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Thirteen helps Middlesbrough residents eat sustainably
Thirteen is supporting an innovative community project in Middlesbrough to provide affordable food to local people while helping to cut down on waste generated by supermarkets.
4 Nov 2020
The Active Tees Valley eco-shop is supplying food to people living in Pallister Park that might otherwise have been thrown away by shops and supermarkets.
The eco-shop is based at the centre of a large residential area in the newly revamped East Middlesbrough Events Centre on the site of the former Middlebeck social club.
Thirteen provided support for a range of work on the shop and other facilities on-site to allow members of the community to visit and pick up food and other items. The former social club has also undergone exterior improvements to help improve the appearance of the area and accessibility of the community facilities in the building.
The eco-shop is not only helping families to benefit from quality shopping at knockdown prices, but it is also offering local people the chance to experience the world of work. Three volunteers are currently working at the shop, gaining experience of retail, stock management and customer service which could help them with their future career prospects.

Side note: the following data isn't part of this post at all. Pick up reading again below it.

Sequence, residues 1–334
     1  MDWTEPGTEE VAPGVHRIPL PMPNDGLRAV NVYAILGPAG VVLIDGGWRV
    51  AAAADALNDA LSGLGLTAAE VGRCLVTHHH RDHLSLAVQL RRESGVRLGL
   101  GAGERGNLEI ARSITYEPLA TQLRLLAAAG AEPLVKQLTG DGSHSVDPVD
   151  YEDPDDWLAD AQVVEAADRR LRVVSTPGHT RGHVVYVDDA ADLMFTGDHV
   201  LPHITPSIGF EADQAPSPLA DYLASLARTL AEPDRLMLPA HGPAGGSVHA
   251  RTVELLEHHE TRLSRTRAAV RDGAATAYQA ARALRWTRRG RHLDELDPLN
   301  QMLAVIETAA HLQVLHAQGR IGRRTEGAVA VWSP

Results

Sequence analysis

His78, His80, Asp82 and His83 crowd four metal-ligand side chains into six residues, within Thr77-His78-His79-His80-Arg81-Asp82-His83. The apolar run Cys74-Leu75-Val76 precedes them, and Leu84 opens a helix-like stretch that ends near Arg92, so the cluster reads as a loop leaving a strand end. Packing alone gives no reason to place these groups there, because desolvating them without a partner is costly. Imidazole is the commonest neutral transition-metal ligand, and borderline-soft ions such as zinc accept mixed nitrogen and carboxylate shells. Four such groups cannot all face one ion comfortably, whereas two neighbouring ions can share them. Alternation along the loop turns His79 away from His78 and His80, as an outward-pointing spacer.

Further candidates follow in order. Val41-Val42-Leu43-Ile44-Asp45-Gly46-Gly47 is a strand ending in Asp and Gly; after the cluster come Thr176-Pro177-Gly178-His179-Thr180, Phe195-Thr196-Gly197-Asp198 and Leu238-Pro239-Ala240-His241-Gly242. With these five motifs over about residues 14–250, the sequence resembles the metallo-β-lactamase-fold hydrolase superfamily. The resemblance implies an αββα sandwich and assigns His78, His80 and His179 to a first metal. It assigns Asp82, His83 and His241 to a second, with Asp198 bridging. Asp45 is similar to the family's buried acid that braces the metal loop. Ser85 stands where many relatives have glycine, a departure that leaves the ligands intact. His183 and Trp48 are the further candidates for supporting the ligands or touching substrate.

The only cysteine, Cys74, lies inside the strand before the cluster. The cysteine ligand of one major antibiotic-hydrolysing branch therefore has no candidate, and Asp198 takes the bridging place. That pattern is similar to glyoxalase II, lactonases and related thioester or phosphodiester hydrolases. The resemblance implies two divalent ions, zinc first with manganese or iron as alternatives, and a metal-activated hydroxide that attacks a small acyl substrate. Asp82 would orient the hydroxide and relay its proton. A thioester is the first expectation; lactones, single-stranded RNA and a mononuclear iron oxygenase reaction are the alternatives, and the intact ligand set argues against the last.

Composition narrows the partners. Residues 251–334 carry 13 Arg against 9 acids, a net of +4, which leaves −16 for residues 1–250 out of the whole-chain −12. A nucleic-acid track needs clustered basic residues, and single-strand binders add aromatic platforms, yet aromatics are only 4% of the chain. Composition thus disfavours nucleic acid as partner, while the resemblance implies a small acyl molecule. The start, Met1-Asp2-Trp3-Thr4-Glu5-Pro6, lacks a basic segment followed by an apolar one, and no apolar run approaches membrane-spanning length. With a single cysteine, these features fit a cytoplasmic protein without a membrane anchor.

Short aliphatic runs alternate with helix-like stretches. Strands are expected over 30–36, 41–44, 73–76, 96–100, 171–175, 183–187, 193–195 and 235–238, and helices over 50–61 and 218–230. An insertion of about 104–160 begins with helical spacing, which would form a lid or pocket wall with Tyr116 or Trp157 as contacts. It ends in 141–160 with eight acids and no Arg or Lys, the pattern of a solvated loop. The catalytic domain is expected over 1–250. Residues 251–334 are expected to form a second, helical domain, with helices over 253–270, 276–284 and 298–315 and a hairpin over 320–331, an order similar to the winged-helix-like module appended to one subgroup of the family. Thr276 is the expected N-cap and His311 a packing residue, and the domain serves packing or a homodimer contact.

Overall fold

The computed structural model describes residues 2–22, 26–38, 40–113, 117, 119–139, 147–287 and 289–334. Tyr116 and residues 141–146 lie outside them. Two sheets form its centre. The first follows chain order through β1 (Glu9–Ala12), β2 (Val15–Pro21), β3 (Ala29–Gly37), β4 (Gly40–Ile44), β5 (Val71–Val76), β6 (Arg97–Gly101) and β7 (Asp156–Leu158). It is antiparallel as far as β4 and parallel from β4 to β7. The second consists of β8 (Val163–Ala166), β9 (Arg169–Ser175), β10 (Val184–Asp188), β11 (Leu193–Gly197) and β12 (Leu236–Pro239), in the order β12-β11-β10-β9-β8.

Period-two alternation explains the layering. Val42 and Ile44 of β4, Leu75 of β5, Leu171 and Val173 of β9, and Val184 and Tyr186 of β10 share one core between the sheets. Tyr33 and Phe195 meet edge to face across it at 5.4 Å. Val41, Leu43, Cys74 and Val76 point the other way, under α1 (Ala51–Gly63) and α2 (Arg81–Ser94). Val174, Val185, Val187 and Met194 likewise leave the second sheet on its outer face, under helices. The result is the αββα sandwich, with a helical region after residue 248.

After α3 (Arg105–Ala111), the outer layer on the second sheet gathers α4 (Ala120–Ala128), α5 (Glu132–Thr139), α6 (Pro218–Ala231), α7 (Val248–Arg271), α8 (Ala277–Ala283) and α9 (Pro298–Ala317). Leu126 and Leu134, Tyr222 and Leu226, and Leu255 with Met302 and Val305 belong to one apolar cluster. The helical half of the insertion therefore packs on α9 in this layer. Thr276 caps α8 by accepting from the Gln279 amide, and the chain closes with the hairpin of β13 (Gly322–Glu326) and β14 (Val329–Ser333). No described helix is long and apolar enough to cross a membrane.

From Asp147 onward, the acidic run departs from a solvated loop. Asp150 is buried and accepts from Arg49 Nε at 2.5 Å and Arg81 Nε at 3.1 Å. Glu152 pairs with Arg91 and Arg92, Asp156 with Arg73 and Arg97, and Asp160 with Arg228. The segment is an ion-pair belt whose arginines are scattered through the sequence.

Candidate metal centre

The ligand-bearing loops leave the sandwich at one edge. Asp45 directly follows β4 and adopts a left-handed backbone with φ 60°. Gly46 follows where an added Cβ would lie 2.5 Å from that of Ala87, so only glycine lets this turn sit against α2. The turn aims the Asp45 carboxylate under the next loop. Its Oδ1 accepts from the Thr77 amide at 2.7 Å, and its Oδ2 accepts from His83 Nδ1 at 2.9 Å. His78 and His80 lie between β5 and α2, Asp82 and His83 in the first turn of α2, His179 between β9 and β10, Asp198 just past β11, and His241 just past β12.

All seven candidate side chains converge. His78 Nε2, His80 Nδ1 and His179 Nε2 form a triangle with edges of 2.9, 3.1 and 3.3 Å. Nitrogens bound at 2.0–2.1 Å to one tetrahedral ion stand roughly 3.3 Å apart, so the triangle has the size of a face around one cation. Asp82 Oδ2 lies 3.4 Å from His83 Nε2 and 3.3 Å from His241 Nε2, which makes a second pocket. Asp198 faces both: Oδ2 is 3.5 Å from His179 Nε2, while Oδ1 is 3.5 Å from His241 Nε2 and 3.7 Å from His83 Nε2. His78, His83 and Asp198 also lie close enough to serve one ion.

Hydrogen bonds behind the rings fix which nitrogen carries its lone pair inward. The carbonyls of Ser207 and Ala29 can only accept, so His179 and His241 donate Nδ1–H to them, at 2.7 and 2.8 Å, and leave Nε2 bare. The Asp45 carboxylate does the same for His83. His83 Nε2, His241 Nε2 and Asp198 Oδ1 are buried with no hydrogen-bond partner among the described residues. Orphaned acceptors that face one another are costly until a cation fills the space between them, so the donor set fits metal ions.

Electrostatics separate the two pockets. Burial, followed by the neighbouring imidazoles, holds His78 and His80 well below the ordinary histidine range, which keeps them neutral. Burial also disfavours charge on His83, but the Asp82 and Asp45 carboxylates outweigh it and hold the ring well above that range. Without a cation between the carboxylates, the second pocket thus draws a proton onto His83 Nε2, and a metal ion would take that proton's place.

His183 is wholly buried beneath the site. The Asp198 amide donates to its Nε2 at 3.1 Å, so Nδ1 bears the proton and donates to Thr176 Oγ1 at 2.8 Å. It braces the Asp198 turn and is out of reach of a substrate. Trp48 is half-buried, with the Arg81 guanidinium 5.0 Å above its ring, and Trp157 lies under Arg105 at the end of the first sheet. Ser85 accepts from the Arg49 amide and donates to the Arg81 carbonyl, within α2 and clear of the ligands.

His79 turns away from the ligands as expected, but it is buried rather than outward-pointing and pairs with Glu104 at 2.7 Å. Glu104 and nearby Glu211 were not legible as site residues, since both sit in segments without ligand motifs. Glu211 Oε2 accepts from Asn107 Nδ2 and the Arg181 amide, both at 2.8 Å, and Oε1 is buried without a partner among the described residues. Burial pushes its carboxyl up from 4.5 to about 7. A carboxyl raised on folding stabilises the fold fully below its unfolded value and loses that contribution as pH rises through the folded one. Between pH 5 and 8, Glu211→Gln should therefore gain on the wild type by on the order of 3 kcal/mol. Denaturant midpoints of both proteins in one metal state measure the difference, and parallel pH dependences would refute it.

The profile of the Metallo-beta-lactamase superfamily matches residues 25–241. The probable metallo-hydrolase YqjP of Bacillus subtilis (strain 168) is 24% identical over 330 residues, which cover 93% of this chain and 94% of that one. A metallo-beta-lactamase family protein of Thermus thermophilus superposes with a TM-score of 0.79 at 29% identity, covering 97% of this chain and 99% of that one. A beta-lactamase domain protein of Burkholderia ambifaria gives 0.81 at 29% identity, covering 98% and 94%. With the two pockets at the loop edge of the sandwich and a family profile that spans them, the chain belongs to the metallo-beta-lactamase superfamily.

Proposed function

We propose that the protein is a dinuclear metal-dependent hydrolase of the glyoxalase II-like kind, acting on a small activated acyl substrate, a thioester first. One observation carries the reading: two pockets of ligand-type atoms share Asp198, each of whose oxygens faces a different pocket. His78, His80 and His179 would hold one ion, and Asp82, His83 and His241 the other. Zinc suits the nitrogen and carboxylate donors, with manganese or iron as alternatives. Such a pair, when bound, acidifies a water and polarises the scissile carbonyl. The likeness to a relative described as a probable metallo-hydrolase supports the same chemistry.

Gary Hamilton from Active Tees Valley, said: “Although we started work in March, the shop has only just opened to the public after the lockdown, so it’s great to see people coming in, enjoying the facilities and taking away much-needed quality food.
“The shop is for anyone who’s feeling the pinch with money to come along and get some quality items at low prices.
“While we weren’t able to open over the summer, we were making up food parcels and have delivered over 650 to more vulnerable people in the area.
“We’ve had loads of support from Thirteen to get the eco-shop open and it’s great to have them and other partners on board. I’m really grateful for all their help and for the funding from Thirteen that’s enabled us to carry out the revamp and get the shop opened.”
The eco-shop is supplied with free food by local supermarkets who aren’t able to sell the items through their usual stores. Alongside the shop, an eco-café has also been opened to use any surplus food to serve up tasty treats to people living in the area.
Matthew Trueman, housing services manager at Thirteen has been working closely with Gary on the project.
Matthew said: “The new eco-shop is a great example of a community enterprise working for the good of residents at the heart of one of our neighbourhoods.
“Thirteen works hard to support the people in our communities so I was really pleased that we could help Gary and the project. The team has worked really hard over the past few months to get the shop ready so it’s brilliant to see people coming in and enjoying the fruits of their labours.”
The eco-shop is currently open on Friday afternoons but the team is aiming to make it the first shop of its kind to be open seven days a week.
Anyone looking for more details about the eco-shop can have a look at www.facebook.com/activeteesvalley